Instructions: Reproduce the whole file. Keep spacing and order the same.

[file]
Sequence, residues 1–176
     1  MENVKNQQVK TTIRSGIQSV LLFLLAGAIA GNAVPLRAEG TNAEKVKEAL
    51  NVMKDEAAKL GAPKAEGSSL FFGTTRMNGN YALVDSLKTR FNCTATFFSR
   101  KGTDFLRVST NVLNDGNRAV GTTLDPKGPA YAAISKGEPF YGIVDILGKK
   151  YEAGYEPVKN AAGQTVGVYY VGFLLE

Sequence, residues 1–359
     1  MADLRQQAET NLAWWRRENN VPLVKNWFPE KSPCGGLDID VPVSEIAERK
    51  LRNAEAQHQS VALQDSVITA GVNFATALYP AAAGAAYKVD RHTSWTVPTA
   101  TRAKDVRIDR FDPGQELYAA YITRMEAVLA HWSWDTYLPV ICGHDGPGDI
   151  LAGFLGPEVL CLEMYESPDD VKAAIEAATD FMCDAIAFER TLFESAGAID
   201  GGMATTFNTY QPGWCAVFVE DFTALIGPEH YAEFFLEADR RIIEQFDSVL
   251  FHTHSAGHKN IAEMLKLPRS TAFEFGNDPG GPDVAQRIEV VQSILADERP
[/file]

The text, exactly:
Sequence, residues 1–176
     1  MENVKNQQVK TTIRSGIQSV LLFLLAGAIA GNAVPLRAEG TNAEKVKEAL
    51  NVMKDEAAKL GAPKAEGSSL FFGTTRMNGN YALVDSLKTR FNCTATFFSR
   101  KGTDFLRVST NVLNDGNRAV GTTLDPKGPA YAAISKGEPF YGIVDILGKK
   151  YEAGYEPVKN AAGQTVGVYY VGFLLE

Sequence, residues 1–359
     1  MADLRQQAET NLAWWRRENN VPLVKNWFPE KSPCGGLDID VPVSEIAERK
    51  LRNAEAQHQS VALQDSVITA GVNFATALYP AAAGAAYKVD RHTSWTVPTA
   101  TRAKDVRIDR FDPGQELYAA YITRMEAVLA HWSWDTYLPV ICGHDGPGDI
   151  LAGFLGPEVL CLEMYESPDD VKAAIEAATD FMCDAIAFER TLFESAGAID
   201  GGMATTFNTY QPGWCAVFVE DFTALIGPEH YAEFFLEADR RIIEQFDSVL
   251  FHTHSAGHKN IAEMLKLPRS TAFEFGNDPG GPDVAQRIEV VQSILADERP